What are you going to do tomorrow? And what about the vacation? You don’t know? Shame on you. Even the monkeys can plan their future actions and time.
Humans are not the only ones who can think about what they might do in the future, as research has shown that apes such as bonobo chimpanzees and orangutans may also have the skills of thinking ahead, scientists reported on Thursday.
But now a German team doubt whether this skill is uniquely held by humans. It found that bonobos and orangutans could choose a suitable tool to reach a treat, carry the tool away and return with it to retrieve a treat later.
These findings will appear in the May 19 issue of U.S. journal Science, xinhuanet.com reports.
The research was led by Josep Call, co-director of the Planck Institute's Wolfgang Köhler Primate Research Center.
Call said that the apes performed the same kind of planning that humans engage in.
The first of Call's experiments involved five orangutans and five bonobos, long-limbed cousins of chimpanzees.
The animals first learned how to use a suitable tool to gain access to the food in the apparatus. Then the animals were given five minutes to familiarize themselves with a whole series of tools—two tools that were suitable for getting the food and six that were unsuitable.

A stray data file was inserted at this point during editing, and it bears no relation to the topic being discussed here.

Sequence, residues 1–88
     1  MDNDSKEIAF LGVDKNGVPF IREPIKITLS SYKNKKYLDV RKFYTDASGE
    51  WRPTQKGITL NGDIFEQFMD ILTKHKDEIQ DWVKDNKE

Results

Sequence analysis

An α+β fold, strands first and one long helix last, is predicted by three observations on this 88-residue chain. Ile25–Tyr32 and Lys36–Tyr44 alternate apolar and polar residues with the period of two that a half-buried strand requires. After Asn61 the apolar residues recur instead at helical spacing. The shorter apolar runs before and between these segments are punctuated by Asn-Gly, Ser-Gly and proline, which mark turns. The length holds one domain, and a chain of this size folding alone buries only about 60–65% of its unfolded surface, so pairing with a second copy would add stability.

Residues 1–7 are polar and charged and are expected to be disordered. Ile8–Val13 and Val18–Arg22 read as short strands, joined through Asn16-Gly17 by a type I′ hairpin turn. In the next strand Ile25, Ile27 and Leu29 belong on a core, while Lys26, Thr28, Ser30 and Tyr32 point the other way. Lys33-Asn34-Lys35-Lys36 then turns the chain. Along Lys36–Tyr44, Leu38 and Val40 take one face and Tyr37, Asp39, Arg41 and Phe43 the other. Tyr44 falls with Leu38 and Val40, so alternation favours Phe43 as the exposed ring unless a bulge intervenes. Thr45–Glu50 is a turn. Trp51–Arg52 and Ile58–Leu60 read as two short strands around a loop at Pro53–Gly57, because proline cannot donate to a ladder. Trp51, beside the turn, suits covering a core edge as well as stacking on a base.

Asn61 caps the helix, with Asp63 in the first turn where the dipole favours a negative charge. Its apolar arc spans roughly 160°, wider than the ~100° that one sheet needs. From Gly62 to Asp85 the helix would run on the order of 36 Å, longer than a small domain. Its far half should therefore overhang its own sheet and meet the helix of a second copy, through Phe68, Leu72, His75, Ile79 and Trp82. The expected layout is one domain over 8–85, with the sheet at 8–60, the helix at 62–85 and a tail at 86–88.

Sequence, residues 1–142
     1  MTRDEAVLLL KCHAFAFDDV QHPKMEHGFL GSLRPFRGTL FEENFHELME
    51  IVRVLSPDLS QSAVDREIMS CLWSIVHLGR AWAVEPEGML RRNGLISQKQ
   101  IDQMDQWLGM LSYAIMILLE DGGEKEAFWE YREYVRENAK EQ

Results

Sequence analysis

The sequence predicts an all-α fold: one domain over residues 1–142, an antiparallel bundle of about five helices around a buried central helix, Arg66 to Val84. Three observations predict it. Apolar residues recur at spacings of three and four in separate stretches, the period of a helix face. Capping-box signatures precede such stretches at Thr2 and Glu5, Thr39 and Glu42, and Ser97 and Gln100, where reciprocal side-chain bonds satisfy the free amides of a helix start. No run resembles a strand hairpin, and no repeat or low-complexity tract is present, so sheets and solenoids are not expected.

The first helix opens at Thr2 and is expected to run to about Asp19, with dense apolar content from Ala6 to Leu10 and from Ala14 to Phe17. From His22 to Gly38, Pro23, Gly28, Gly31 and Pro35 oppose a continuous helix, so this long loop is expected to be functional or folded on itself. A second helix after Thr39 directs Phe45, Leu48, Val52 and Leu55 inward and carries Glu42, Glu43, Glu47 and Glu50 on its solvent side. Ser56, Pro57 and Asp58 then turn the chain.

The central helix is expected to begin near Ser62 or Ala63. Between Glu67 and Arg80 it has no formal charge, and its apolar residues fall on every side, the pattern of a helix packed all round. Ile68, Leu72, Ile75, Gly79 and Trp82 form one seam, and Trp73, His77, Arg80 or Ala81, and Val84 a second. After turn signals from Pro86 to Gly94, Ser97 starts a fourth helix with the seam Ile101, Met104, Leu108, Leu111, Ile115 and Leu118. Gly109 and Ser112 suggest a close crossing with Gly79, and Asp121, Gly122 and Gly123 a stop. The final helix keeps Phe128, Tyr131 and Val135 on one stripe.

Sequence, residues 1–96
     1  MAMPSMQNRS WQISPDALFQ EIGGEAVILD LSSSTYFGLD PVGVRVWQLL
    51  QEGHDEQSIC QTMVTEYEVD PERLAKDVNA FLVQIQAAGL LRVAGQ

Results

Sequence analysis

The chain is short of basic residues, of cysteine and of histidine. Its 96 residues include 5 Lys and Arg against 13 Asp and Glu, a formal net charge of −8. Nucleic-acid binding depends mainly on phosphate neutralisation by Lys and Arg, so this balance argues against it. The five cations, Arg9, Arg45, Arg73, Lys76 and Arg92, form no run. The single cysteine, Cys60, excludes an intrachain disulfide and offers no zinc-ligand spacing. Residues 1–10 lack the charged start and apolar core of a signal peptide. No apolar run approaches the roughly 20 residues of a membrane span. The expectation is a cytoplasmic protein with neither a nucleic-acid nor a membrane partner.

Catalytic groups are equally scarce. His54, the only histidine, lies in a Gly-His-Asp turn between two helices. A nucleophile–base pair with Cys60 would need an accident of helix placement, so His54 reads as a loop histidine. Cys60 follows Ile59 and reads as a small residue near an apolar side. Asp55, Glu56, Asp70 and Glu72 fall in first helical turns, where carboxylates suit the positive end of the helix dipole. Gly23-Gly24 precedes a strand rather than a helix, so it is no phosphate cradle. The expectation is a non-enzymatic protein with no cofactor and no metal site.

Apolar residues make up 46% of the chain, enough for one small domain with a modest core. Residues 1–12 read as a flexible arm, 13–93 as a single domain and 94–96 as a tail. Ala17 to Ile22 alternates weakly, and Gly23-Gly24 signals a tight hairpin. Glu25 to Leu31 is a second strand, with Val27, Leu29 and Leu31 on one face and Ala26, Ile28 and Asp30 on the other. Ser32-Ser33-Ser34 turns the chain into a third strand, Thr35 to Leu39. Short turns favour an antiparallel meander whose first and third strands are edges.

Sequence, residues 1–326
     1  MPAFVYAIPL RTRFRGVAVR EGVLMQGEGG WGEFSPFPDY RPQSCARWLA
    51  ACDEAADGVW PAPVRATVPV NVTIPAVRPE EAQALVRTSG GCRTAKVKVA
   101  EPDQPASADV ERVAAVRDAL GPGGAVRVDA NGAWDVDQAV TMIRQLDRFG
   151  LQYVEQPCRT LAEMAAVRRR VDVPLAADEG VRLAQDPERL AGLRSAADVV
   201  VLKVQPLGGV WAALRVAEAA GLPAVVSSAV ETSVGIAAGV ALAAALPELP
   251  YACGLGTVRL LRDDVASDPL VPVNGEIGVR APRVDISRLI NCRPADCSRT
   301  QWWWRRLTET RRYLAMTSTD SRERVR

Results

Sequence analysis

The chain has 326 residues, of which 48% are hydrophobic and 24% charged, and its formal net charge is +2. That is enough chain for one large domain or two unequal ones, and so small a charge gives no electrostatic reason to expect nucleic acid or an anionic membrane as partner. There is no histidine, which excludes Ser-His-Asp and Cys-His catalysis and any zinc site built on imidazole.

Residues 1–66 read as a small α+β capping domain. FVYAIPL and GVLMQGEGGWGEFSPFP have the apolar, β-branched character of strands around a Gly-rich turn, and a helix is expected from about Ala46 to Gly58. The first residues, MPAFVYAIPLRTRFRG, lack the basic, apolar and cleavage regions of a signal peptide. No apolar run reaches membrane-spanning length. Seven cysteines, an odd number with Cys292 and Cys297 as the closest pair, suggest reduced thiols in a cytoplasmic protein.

After the five minutes, the animals were taken to a waiting room, along with the tools.
One hour later they were allowed to return. To get the food, they had to select a suitable tool and bring it with them.
The apes succeeded in selecting the right tool an average of 7 times in 16 trials.
A second experiment increased the delay to 14 hours, testing one bonobo and one orangutan. While neither ape took suitable tools in the first trial, the orangutan took the right tool in the succeeding 11 tests. The bonobo succeeded in 8 of the following trials, according to nationalgeographic.com.
In a separate paper in ScienceExpress, the electronic version of Science, researchers report that scrub jays look over their shoulders when hiding food for future use and, if they think another bird saw where they put it, will relocate their cache.
The report by Nicola S. Clayton and colleagues at the University of Cambridge in England noted that relocating food was common when a bird thought it had been observed by a more dominant bird, but not when a partner was present.
The findings indicate that the birds act to avoid the possibility that a non-partner will raid their stored food, and remember who was around when they hid it, washingtonpost.com reports.
Prepared by Alexander Timoshik
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